Beyond the Magazine


“I am trying to represent this changing era: our marriage with technology”

Neo stares wide-eyed and confused as he sees a glitch in the matrix for the first time.

Looking at images made by Uruguayan artist Guido Iafigliola, better known as Glitchdo, it’s likely you may feel a similar sensation; his glitch art puts you in Neo’s shoes, as if you were caught halfway between the real world and some augmented reality.

In Guido’s glitches, we see city- and landscapes, with giant circles bursting out of rock formations or zigzagging distortions of skyscrapers. Colors change and drip like wet paint and shapes overlap, making some parts of the image nearly invisible while others are magnified and enlarged.

They are masterpieces, but the visual bugs make you wonder if they were intentional, or a mistake. According to Guido, it’s somewhere in between. “Glitch art is a generative art form that can be defined as the aestheticization of digital errors,” he explains.

Put simply, glitch. artists manipulate existing images or videos with software or hardware to create visual errors, and in turn new works of art.




There are endless ways to alter images. Some glitch artists use music editing software, causing chaos in the file’s DNA to break it down. Others use software to change the code of the image itself, focusing in on a section of the picture and transforming the way the colors and pixels come across.

For me, the non-digital and the digital worlds are not in conflict.

It’s a broad practice, and Guido’s own methods vary. “People always try to make me explain how I create my images, and I always say the same thing,” he says. “There is no step-by-step guide.” He uses tens of different programs – often all at once – juxtaposing the results from each one against the next and improvising endlessly.

The tricky thing is, to generate those errors you need to use hardware or an algorithm, so it means that I do not control the final result of the works.” While most artists hold complete authority over their artworks, Guido allows the computer to take some ownership of his finished images. “In some ways, my artwork is a combination of mankind and new technology,” he says.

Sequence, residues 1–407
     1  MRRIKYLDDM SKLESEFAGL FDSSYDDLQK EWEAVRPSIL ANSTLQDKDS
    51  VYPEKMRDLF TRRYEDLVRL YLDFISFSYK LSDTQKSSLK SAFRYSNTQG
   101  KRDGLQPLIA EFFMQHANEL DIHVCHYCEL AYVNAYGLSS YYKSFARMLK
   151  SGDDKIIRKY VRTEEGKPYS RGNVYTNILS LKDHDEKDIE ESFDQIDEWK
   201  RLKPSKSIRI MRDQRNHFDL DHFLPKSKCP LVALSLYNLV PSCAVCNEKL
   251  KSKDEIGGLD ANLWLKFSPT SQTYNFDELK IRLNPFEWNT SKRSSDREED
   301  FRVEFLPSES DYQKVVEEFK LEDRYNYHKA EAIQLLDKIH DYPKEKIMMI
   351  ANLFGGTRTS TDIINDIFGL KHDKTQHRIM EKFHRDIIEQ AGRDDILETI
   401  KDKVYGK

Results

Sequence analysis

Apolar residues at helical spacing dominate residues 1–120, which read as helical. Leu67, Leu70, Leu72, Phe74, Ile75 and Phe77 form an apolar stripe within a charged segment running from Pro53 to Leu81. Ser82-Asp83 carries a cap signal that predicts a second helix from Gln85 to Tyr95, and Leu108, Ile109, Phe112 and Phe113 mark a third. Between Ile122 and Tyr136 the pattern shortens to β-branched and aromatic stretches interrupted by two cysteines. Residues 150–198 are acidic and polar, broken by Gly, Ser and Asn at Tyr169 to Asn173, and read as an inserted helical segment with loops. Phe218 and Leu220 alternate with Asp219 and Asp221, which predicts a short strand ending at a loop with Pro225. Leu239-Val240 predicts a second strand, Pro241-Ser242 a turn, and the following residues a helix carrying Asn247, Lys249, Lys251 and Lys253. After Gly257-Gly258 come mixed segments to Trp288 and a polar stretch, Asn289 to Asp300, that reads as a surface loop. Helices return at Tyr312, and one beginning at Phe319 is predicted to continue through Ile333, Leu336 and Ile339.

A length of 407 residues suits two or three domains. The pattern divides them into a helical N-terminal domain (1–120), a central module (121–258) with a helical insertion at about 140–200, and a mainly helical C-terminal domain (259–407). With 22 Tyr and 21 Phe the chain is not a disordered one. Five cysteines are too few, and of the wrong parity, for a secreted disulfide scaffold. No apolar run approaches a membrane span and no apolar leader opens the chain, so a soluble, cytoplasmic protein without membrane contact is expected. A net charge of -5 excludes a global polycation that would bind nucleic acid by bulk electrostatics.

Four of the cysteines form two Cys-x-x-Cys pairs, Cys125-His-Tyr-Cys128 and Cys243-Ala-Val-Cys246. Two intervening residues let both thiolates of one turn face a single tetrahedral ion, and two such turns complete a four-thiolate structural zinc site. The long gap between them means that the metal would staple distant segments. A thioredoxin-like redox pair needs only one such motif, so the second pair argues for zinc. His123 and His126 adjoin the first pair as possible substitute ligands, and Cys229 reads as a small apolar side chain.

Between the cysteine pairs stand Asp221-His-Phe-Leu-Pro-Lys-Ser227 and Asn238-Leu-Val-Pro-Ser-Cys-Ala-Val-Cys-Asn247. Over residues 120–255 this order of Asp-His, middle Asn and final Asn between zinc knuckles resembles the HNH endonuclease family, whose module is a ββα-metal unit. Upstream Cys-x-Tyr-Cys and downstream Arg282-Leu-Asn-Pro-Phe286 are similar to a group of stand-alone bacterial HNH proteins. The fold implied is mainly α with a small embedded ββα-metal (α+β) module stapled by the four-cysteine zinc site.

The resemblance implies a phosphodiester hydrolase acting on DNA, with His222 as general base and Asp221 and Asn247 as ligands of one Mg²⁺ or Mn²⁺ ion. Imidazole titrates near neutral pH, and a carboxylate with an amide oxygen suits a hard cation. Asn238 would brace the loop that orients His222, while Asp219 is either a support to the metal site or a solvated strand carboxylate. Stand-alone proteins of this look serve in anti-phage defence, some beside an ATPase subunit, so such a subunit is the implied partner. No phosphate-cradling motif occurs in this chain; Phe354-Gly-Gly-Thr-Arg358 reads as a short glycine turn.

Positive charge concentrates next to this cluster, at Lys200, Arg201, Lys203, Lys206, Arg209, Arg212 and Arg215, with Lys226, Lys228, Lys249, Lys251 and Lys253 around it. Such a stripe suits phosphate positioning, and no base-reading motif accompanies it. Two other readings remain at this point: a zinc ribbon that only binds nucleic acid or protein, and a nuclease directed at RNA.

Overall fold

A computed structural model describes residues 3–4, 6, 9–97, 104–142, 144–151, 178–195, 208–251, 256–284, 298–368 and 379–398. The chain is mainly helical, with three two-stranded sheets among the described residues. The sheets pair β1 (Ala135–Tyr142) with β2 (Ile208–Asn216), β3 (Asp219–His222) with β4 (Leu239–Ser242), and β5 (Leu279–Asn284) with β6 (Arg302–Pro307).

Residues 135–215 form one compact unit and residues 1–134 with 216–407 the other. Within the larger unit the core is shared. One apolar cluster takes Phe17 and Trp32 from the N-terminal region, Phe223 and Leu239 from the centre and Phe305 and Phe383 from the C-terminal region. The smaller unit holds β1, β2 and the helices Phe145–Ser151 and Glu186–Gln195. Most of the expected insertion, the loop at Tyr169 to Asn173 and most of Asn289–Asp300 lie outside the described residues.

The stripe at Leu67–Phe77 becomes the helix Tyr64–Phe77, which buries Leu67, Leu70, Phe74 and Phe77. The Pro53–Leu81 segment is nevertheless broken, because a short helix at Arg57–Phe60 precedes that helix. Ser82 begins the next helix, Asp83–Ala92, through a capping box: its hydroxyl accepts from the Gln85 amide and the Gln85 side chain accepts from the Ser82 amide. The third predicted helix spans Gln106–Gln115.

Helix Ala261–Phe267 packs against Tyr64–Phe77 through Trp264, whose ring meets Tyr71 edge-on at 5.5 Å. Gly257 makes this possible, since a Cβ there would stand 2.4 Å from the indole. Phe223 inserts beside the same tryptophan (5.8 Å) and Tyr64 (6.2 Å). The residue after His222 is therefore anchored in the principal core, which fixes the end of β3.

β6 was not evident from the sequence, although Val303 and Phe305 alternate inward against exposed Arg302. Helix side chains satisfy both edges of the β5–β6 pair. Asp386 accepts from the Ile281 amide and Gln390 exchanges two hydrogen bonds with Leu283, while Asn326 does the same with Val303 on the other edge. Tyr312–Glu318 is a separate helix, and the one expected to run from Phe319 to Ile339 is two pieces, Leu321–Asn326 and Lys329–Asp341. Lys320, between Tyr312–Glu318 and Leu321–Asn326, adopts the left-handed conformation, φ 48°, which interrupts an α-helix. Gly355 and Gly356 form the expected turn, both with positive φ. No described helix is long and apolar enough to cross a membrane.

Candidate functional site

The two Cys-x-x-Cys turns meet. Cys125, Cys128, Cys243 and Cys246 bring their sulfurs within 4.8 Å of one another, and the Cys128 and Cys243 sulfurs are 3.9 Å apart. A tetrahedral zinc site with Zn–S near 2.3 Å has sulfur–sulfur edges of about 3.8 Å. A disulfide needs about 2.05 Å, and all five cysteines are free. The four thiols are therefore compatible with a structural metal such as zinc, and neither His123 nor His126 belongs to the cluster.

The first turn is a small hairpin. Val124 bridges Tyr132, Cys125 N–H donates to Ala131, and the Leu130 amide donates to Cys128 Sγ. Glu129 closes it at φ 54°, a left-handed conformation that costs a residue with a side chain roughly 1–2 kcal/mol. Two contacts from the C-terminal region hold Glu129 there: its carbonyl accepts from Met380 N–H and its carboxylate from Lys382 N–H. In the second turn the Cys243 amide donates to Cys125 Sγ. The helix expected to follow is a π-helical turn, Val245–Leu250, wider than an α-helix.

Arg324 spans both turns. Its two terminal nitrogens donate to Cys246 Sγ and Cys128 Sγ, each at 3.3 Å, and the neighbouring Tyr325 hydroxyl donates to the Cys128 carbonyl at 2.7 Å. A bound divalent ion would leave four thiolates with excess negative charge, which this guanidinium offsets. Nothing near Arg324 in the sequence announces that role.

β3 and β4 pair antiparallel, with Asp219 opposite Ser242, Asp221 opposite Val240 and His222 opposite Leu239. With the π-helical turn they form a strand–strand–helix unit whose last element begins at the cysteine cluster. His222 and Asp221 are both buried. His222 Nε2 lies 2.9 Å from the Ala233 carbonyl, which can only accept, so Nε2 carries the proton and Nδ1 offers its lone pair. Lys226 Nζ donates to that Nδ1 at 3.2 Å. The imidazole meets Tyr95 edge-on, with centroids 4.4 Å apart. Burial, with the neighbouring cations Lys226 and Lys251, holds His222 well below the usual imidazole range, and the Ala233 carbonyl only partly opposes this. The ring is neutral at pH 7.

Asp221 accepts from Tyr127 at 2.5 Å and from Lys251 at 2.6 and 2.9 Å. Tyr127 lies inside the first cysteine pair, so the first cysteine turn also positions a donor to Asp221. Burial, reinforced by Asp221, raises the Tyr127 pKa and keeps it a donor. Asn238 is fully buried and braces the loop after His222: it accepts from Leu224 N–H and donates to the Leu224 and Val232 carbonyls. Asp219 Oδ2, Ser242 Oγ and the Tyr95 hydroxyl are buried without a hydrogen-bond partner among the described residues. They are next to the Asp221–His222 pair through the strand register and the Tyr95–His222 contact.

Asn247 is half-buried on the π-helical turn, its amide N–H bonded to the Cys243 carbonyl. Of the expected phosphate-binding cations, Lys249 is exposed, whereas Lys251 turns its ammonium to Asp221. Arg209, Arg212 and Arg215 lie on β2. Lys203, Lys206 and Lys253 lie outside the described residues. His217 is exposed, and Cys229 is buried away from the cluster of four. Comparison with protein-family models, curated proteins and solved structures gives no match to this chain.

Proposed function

While Guido uses numerous ways to get to his final pieces, there’s one thing he always needs in his creative process: music.

When he first began sharing his work online, he was surprised by the number of musicians who identified with it, but the connection soon dawned on him. “I realized that both in my work and in music, there are mathematical patterns. Of course, this creates a connection on a subconscious level, and the audio and visual combine in a very natural way.”

This led him to work on a wide variety of album art, including one stunning vinyl sleeve for Ricardo Villalobos and Argenis Brito. “I find the experience of producing a piece with musicians extremely enrichingtrying to find the concept of the music and then transforming that concept into a graphic.”

The rise of computer systems and artificial intelligence is a hot topic of conversation today. Many people focus on the potential for a dystopian world if things go wrong. Guido’s work though, is an example of what happens when things go right.

I am trying to represent this changing era: our marriage with technology,” he says. “For me, the non-digital and the digital worlds are not in conflict.”

Loud yet intricate, Guido and his algorithms offer a new perspective on technology that may not otherwise have been seen.

Words by Alex Kahl.